Cyclical Time: the Trap

Apichatpong Weerasethakul, still from “Uncle Boonmee Who Can Recall His Past Lives,” 2010, film [courtesy of Kick the Machine Films]



The perception of time as samsāra, or cyclical world, is at the core of Theravada Buddhism and differs from the Western perception of time as a linear conception. In this world, which revolves from birth to death and rebirth, one has to find a way to free oneself from this repetitive cycle. Buddhism is a practical method for liberating oneself from suffering by coming to realize the true nature of things. The three doctrines of Buddhist teaching are impermanence (anicca), dissatisfaction or suffering (dukkha), and non-selfhood (anatta). All things are impermanent. Twentieth-century Thai philosopher Buddhadasa Bhikku pointed out that everything changes perpetually and that there is no entity or self that remains unchanged for even an instant.1 This religious principle constitutes our thinking and means that our conception of time operates distinctly and obviously in a loop. In the flux of globalization, living with the belief of a cyclical world creates a strong sense of paradox in our daily lives. A belief in the next life or reincarnation stimulates people’s hope for the future, so they make merit in this life, as a deposit for good karma, in order to have a better life in the future.

a man sitting at a wooden table with grapes in the center, and chairs littered with magazines. there is a booster seat for a child who is not present, and the man has a far-away look in his eyes, as though lost in thought

Prapon (Joe) Kumjim, still from “You Sit I Kneel,” 2009, site-specific, four-screen with four-channel, synchronized HD video looped installation [courtesy of the artist]

Overlapping time

Secularization has never existed in Thailand. Buddhism was made the national religion in the late 18th century. Religion became one of the three ideologies to secure the existence of the state, the others being nation building and the monarchy. Spiritually and mentally, Thais became closely connected to the Buddhist religion. Even today, Thailand’s calendar and national holidays are based on Buddhist religious days and royal celebrations. Thus, the duality of time in the religious and the monarchical world play crucial roles both in the country’s recent history and in our everyday lives.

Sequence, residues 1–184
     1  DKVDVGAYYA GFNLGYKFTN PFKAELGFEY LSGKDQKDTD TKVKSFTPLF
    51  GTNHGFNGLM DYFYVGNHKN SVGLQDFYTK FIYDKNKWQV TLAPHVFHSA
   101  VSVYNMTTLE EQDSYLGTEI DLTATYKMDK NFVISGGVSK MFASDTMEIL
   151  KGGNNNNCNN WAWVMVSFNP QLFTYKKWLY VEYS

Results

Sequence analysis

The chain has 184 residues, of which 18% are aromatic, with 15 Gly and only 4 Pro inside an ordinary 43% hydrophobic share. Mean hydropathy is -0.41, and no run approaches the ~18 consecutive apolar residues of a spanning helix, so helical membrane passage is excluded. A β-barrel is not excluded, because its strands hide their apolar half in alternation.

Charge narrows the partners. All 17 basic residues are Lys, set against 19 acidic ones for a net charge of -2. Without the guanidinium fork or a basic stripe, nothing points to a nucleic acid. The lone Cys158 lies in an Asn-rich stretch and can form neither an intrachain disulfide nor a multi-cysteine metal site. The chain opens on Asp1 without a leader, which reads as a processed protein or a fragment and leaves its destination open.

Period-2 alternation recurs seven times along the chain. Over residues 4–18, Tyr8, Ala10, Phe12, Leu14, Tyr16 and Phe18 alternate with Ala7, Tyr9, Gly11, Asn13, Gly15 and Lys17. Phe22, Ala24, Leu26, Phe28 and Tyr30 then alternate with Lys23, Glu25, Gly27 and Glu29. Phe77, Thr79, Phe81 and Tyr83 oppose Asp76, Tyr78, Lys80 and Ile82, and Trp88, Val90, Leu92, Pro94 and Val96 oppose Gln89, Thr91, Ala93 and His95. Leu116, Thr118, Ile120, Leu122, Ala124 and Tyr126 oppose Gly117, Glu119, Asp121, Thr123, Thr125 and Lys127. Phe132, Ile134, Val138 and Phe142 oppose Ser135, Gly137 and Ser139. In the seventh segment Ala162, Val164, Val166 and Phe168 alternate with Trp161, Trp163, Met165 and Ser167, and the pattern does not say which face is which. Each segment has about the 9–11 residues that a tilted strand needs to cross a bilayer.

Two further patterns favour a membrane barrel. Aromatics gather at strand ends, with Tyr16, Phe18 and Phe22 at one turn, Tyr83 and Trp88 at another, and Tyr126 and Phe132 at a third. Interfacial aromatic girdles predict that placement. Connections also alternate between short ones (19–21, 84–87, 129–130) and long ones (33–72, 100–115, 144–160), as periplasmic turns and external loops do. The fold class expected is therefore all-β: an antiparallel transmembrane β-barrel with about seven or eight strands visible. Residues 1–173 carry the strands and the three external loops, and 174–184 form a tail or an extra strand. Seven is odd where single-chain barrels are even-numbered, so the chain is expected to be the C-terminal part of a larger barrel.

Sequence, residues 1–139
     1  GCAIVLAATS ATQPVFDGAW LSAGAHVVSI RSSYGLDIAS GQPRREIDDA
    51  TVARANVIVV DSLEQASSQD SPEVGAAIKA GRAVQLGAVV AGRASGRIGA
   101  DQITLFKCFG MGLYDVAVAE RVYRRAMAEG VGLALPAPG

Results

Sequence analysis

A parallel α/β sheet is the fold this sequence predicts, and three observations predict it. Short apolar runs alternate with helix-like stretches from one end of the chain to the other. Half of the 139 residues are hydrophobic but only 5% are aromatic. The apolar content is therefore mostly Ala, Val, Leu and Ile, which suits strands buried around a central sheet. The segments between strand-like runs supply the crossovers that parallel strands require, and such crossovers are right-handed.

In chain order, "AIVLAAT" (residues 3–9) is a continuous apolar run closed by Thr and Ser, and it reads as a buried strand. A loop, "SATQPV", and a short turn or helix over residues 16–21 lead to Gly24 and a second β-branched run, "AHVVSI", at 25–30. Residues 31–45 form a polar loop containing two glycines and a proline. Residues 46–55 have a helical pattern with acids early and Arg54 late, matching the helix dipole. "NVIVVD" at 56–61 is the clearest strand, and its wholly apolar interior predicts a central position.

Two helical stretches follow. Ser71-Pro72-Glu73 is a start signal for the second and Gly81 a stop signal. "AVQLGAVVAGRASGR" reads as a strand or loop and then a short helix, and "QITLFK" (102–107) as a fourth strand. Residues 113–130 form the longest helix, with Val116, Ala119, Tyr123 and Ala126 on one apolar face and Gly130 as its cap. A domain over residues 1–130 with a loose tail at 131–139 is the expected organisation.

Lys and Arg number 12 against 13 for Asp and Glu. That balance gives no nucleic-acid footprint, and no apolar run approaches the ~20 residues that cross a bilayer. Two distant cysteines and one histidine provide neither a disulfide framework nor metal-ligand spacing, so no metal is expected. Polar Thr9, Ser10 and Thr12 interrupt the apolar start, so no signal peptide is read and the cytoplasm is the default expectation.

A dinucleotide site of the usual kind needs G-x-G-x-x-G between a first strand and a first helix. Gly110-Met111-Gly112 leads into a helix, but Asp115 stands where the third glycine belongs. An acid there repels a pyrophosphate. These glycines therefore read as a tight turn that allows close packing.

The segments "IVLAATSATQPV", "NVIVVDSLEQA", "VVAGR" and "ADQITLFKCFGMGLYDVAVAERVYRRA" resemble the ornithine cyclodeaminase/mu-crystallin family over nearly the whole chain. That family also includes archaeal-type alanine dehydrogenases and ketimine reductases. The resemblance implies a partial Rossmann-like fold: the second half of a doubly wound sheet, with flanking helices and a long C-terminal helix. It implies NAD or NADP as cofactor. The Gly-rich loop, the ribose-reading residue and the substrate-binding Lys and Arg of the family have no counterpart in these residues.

Buddhism is ephemeral in the sense that it teaches one to live in the moment and to be at all times aware and cautious of oneself. But what happens in reality, especially in politics, contradicts such beliefs. Even though many countries are Buddhist, they are governed under systems of military dictatorship, socialism, communism, and constitutional monarchy. These regimes do not follow the idea of time in Buddhism, which is temporary and thus always changeable. Instead, the leaders of these countries hold on to their power by extending their time in office, resisting time as a temporary condition. Thailand’s monarchy system, Myanmar’s military government, and Cambodia’s communist state are among the longest-lasting regimes in the world. No one understands why they resist the natural law by freezing their time. Questions could be asked as to why there are no revolutions in these countries and why people are so patient, seemingly unaware of the contradiction between the static political situation and temporary time as a Buddhist concept.